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Dead Or Alive (JAPAN 1999)

aka Dead Or Alive: Hanzaisha

Director : Takashi Miike
Producer : Makoto Okada, Katsumi Ono
Screenplay : Ichiro Ryu
Cast : Riki Takeuchi, Sho Aikawa, Renji Ishibashi, Hitoshi Ozawa, Shingo Tsurumi, Kaoru Sugita

Ryuichi is a ruthless young gangster who craves power so much that he will do almost anything to get it. He has no loyalties to anyone except himself and his younger brother Toji who has returned to Shinjuku after studying in the U.S. Ryuichi, Toji and their small gang plan to take control of the underworld, taking the power from the Japanese and Chinese gangs who currently dominate it. On their trail is a lone cop – Detective Jojima – a troubled man who is trying to raise cash to give his daughter a life-saving operation.

by Martin Cleary

Firstly, Dead or Alive is directed by Takashi Miike. If you’ve seen any of his other films then you know that it means that this film is fairly extreme: the violence is raw and nasty, there’s a fair amount of perverse sex, and the film is rough in a way that it almost batters the viewer about as it goes. If you like this sort of film, then no-one seems to do it better than Takashi Miike!

The opening of the film is a ten-minute, quickly-edited (to some loud tunes!) series of assassinations. One of the film’s opening images is of a prostitute falling off of a rooftop with a bag of cocaine in her hands. Its nasty, it’s in your face – and if you don’t like this opening scene then you definitely won’t like what follows. Put it this way, director Miike is a sick man!

The plot of Dead or Alive is not too far from your standard gangster / cop thriller. You sort of know where it’s going from the beginning. Ryuichi is the young gangster who is trying to overthrow the current crime-bosses. He’s a cool cat, dressed in leather coat and usually wearing sunglasses, favouring big guns like shot-guns. Detective Jojima is the cop who finds his way onto Ryuichi’s trail, he’s a lot more mature and reserved and worn down by both his job and home life. So far, so average. What makes Dead Or Alive so different is it’s unexpectedness. With Takashi Miike’s films the fun isn’t usually in the plot or the outcome, as much as the journey getting there. The film dives into its murky underworld as the two central characters visit with all sorts of hoodlums and low-lifes. Powerful images come thick and fast, and usually turn your stomach: there’s the sick (a dog being ‘pleasured’, hookers being ‘cleaned out’), the bizarre (deep fried hand anyone?), the super-cool (Chinese sword versus shotgun) and just the down-right psychotic which run through the whole film. The real clever trick to all of this twisted imagery and character building is that Miike manages to tie it up with some strong themes concerning different groups in society – family, friends, cultures and even Darwin’s theory that ‘only the strong survive’. For a film that almost tries to alienate the viewer purposely, Dead Or Alive has a powerful emotional undercurrent hidden just below the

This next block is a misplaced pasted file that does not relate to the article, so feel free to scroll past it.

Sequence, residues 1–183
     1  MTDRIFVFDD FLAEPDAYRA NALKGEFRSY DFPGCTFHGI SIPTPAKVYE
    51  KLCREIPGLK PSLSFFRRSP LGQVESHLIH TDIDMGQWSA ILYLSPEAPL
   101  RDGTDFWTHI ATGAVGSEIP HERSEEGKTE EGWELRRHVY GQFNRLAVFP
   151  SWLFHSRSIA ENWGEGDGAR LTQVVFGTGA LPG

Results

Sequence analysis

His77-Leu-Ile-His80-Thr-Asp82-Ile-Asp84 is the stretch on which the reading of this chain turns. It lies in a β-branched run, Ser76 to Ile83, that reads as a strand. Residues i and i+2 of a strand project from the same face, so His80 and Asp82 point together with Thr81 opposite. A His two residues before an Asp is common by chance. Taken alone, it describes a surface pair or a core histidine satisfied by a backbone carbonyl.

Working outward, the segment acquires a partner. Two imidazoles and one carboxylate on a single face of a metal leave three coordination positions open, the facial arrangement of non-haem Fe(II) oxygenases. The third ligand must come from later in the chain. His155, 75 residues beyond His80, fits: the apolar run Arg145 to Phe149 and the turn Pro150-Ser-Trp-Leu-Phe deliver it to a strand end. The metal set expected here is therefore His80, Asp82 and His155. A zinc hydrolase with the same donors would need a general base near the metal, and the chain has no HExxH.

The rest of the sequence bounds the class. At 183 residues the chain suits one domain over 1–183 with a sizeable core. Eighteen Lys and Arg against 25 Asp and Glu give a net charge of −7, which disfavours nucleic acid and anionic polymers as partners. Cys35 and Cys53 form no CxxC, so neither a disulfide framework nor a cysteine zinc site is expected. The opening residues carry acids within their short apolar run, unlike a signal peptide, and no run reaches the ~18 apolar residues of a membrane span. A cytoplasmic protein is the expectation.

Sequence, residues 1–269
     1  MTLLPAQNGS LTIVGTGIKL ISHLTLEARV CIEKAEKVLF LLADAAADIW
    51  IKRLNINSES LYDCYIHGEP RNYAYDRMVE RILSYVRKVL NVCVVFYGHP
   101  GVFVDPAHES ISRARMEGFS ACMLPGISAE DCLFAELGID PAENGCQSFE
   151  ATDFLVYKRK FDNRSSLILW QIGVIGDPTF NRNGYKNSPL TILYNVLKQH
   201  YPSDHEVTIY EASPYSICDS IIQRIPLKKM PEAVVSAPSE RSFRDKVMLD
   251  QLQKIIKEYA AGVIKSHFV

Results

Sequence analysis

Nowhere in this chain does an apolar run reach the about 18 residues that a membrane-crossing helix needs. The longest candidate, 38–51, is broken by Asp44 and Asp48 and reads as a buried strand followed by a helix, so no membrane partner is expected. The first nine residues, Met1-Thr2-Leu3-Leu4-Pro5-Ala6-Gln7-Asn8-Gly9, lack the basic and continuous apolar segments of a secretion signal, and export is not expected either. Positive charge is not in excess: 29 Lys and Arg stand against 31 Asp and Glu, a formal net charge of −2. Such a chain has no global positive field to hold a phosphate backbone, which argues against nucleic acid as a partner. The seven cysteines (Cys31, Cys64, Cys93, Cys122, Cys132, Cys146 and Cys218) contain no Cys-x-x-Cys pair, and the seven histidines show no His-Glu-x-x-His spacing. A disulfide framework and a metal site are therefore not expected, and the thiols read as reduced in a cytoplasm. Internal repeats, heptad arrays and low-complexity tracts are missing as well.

The cast of the film is excellent throughout. Riki Takeuchi’s flashy performance as Ryuichi is matched by Sho Aikawa’s restrained turn. Although these are obviously the largest characters of the film, they manage to not overshadow the supporting cast and instead play against them so well that even the smallest role seems to be significant. If you’ve heard of this film but not yet seen it, the chances are that you’ve heard it has a good ending. Well, this film has an ending that is classic Miike. Lets just leave it at that – It’s mental.

Dead Or Alive is well worth a view for people with strong stomachs. When you see how the film ends the first thing you want to do is watch it again, so I’d say it makes for repeated viewings. This is also a good introduction to Takashi Miike’s films if you’ve yet to get stuck into the man’s back catalogue of more than fifty films (!). While it’s not an all time classic, this is one of those films that you’ll probably either love or hate. I loved it!

Plot : 3/5
Acting : 4/5
Entertainment : 4/5
Overall : 4/5

Notable Scenes
- The non-stop mad ten minute opening sequence including the
biggest line of cocaine ever!
- The photo session with a dog (don’t ask!)
- The Robbery
- The Chinese and Japanese gangs meet
- Deep fried hand
- The finale. It’s mad

Buy movie at YesAsia – Dead or Alive

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